The Challenge of Choice

During coaching, certain preconceived notions emerge around the issues that keep people from becoming all they can be. An idea that usually comes up early in the coaching process is the long-held belief that work is something you do to earn money while doing what you are good at and what you enjoy is reserved for leisure time. Living life through the paradigm of improperly defined work is one of the main things keeping people from great success and even greater happiness.

Looking at the history of the western world, when people left the farm for the factory, their day-to-day efforts moved from sustaining self and family by cultivating the earth to a fee-for-service model where millions of people spent their lives functioning as cogs on the factory floor. This work rarely involved anything other than simple manual labor devoid of connection or opportunity to innovate beyond the task at-hand—especially given the top-down management approach used by most employers at that time.

On the other hand, indigenous cultures have long help traditions where an individual’s talents are considered when determining one’s life work. While people pursued a talent, i.e., hunting and protection, healing and medicine or artistry of pottery, cloth, or other ornamentations, most people actively participated in community life and the production of food, shelter and other basic needs. This approach holds two important lessons. 1) The expression of our talents is integral to our happiness. 2) The demands of daily life are made lighter when working within a community.

What does all this have to do with leadership? Leadership is about creating a life where each person is able to fully express his or her talents and meaningfully contribute to the greater good of the community. Happiness, satisfaction and balance are all natural bi-products of this approach.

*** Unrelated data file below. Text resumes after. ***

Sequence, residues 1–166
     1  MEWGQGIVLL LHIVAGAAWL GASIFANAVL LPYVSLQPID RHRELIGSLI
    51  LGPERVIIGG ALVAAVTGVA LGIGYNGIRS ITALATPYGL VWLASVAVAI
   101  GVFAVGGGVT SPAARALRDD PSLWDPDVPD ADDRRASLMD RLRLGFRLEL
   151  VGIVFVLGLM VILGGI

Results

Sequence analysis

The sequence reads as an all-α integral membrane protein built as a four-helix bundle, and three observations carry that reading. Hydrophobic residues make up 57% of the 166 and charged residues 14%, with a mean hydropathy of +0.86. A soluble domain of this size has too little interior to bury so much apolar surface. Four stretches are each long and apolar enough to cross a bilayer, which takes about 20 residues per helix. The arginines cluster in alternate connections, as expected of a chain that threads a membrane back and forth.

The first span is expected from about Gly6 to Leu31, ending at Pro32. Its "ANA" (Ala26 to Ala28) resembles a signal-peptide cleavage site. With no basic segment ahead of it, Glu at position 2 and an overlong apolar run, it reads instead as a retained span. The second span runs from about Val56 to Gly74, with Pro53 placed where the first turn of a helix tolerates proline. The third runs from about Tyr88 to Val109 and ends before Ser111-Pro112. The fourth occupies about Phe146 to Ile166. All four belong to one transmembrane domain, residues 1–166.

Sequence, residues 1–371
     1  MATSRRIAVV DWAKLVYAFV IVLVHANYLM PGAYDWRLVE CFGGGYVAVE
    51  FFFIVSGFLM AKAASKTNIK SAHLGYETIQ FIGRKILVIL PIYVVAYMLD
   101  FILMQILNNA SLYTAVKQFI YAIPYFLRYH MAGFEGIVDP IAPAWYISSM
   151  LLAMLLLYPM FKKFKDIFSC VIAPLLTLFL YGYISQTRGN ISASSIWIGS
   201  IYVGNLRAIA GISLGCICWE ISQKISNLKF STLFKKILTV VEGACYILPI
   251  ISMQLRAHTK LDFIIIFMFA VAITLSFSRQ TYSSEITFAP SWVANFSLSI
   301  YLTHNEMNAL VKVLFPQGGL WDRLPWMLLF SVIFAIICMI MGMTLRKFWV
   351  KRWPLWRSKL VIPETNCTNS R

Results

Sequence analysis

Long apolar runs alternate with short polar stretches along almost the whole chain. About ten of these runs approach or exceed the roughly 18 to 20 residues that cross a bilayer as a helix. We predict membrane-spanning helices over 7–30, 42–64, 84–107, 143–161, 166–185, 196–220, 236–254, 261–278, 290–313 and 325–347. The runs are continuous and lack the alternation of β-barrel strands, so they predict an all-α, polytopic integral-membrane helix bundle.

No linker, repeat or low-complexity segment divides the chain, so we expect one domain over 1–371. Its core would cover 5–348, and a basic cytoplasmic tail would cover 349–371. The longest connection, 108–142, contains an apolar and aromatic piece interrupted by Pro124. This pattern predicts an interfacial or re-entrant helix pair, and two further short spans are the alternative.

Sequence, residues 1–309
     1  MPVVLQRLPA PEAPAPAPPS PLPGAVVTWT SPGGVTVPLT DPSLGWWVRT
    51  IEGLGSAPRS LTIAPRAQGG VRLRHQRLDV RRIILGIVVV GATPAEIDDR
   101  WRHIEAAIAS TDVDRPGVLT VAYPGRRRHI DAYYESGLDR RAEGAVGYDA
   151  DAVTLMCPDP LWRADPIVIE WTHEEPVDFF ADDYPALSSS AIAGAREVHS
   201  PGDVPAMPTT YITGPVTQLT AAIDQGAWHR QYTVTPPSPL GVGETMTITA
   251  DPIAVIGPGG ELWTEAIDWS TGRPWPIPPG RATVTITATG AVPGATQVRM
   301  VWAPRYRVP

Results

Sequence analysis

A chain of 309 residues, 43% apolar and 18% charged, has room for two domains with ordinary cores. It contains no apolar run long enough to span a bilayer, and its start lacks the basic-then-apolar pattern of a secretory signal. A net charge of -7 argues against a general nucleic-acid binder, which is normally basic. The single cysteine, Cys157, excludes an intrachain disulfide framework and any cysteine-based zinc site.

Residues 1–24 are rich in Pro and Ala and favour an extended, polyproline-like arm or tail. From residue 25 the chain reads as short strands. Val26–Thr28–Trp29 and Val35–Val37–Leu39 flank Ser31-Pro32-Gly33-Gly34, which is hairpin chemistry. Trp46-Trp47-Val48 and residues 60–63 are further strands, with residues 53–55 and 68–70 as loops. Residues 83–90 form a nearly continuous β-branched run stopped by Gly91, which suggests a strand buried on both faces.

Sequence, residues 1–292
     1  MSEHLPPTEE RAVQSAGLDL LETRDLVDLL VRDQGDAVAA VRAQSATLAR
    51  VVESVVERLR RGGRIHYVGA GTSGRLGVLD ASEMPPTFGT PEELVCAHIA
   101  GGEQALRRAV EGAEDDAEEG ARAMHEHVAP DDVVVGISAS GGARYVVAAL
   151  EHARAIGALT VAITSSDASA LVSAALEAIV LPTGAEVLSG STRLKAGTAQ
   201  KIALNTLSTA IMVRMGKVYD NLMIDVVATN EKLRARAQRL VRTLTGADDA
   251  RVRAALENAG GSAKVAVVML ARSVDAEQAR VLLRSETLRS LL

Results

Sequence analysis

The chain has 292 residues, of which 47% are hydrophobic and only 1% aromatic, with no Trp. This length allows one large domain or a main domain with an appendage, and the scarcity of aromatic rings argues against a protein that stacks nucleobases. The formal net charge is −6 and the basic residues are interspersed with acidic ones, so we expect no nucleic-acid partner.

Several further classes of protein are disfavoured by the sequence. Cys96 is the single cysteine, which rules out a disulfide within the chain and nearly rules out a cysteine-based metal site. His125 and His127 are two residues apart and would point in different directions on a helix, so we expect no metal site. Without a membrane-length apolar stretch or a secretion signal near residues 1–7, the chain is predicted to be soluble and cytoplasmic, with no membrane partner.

It is amazingly difficult for many of my clients to imagine they can actually do what they love to do, create change they want and be happy doing it. Their questions immediately begin coming:

  • How will I earn any money?
  • What will people think if I don’t have “X” title anymore?
  • How will I spend my time if I am not working 80 hours a week?

These are good questions that reveal deeper and more serious fears . . . which brings us to the challenge of recognizing the choices we are making about our lives.

These questions reveal how attached we are to the picture of happiness we have been taught to want, and this attachment keeps us from recognizing what truly matters. To keep people toiling away at mindless factory jobs that created wealth for the few and simple subsistence for the masses, factory bosses made them the promise that one day, if they worked hard enough and played the game, they too might be able to acquire “wealth” and be able to buy more “things” that will make their life “better.” The promise the industrialists made to keep labor quiet sounds strangely familiar to what the majority of Americans buy into today.

They common belief is that people should work hard and aspire to live lives of abundance. Like many common notions, this axiom is incomplete. Rather than simply aspiring to abundance, people should work in such a way that is likely to produce the sort of abundance they envision. Let go of your belief that if you deny your need for expressing your talents and passion to earn a living, you will, at some point in the future, be able to be who you are and live the life you want. The way toward creating a life of fulfillment isn’t to put off being who you are; it’s to begin living that way today—right now, in this moment. When you make the decision to be who you are, your life can begin producing the abundance you seek for yourself and those around you. It is the decision to live this way that creates the abundance, not a particular time. Many people achieve success late in life simply because they get tired of waiting. Looking back, most tell the story of how they wish they could reclaim of the lost year of a youth spent creating someone else’s dreams. Now is your chance to unburden yourself of the notion you cannot do what you love and be successful. No one can tell you what your life will look like if you start living it a different way, but I can guarantee you your life will change—and for the clients I have worked with, it is always for the better.

So now the choice becomes yours. Are you ready to shed the model of success that has been fed to you throughout your life and to open yourself up to being yourself? If you are, hold on, as the adventure is about to begin!

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